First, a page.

I went back to creep mode myself. Now I always know if it's "loaded." And now it's like ICE.
     
  9. SDKoala

    SDKoala RWD LR

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    There are people who disable creep because it makes it behave more like a manual transmission where there's no movement if not in gear. There are others who disable it because it's not a part of the "pure" EV driving experience. I keep mine on for practical reasons. I'm used to driving an automatic and that creep has always been a part of normal driving for me. Also, I have a relatively tight garage opening and I find it much easier to control speed by letting up on the brake instead of trusting myself to tap on the accelerator. It's also a more natural feeling to let up on the brake pedal when backing out of a parking space instead of having to put constant pressure on the accelerator, especially if looking over my shoulder and learning backwards.
     
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  10. CapnOMatic

    CapnOMatic Member

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    I'm still playing between the two. I have noticed that the car coasts a bit more, of course, with creep on making me use the brakes more. Without creep, I have found that it takes some getting used to when parallel parking etc.. I like the safety of creep, however, when trying to slowly approach anything, because I don't have to switch my foot to stop.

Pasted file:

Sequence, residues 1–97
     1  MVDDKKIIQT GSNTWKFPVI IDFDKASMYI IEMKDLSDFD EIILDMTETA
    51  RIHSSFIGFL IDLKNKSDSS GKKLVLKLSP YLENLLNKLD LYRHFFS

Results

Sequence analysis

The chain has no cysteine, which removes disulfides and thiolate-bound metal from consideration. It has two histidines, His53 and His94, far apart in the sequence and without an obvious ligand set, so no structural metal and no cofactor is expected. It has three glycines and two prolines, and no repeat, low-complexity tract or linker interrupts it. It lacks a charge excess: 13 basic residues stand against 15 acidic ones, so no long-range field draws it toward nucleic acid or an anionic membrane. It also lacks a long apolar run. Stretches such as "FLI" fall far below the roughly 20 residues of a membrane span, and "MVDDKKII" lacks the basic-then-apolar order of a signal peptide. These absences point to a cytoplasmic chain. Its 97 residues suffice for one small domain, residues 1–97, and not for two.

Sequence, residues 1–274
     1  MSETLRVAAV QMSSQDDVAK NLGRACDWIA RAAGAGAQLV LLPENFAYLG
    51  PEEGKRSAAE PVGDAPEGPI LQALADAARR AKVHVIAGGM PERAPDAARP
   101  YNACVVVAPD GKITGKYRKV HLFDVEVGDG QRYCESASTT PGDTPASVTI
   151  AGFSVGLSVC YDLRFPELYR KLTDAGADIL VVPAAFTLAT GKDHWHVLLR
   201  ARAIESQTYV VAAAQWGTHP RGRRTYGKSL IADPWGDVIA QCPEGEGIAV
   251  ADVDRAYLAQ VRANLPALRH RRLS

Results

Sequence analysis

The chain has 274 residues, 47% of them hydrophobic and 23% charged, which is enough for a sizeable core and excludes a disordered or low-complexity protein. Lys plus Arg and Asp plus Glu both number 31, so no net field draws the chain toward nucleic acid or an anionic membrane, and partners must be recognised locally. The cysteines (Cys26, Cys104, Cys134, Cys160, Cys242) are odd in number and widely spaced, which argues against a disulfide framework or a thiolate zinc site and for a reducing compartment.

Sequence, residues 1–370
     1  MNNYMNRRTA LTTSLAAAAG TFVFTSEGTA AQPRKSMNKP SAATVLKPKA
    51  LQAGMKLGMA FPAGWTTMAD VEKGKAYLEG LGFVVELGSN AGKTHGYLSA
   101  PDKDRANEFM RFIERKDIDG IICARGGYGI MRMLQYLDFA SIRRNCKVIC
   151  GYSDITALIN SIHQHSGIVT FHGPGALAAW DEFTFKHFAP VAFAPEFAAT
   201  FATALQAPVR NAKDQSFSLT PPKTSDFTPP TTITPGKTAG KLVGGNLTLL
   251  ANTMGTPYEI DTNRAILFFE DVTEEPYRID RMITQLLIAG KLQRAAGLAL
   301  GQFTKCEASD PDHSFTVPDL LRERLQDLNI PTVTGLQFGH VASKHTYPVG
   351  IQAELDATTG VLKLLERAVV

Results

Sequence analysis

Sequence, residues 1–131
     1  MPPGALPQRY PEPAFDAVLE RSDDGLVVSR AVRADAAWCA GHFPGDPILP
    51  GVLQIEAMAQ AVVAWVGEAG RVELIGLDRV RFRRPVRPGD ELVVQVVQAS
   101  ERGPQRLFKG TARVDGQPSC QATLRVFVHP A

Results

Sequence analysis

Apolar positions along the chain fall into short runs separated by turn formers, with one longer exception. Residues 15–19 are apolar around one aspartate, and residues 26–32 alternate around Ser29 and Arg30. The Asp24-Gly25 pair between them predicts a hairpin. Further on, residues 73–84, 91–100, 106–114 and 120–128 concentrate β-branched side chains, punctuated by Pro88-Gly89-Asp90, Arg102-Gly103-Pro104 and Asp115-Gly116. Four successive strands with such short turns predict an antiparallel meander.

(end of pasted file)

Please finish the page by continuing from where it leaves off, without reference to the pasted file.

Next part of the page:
11. SOULPEDL

    SOULPEDL Member

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    You can trust the pedal, it does have excellent control with a perfect exponential taper. Braking method (creep on) will avoid forgetting to put into park.

    The point of my post was that they almost hide the fact that it's in gear (Hold - greyed out). It should be bold.

    Use of Color is another issue, separate but related. I'm not convinced Tesla understands color blind and HMI completely, or someone made poor decisions and never actually owned one. Some kid will eventually launch this car off a cliff... by accident, not on purpose. Just sayin'. There are better ways.
     
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  12. SomeJoe7777

    SomeJoe7777 Marginally-Known Member

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    I agree with the large letter for the current drive selection (or bold, centered, or some combination of the three). But I disagree with red -- that's a problem/danger color, not appropriate for an informational indicator.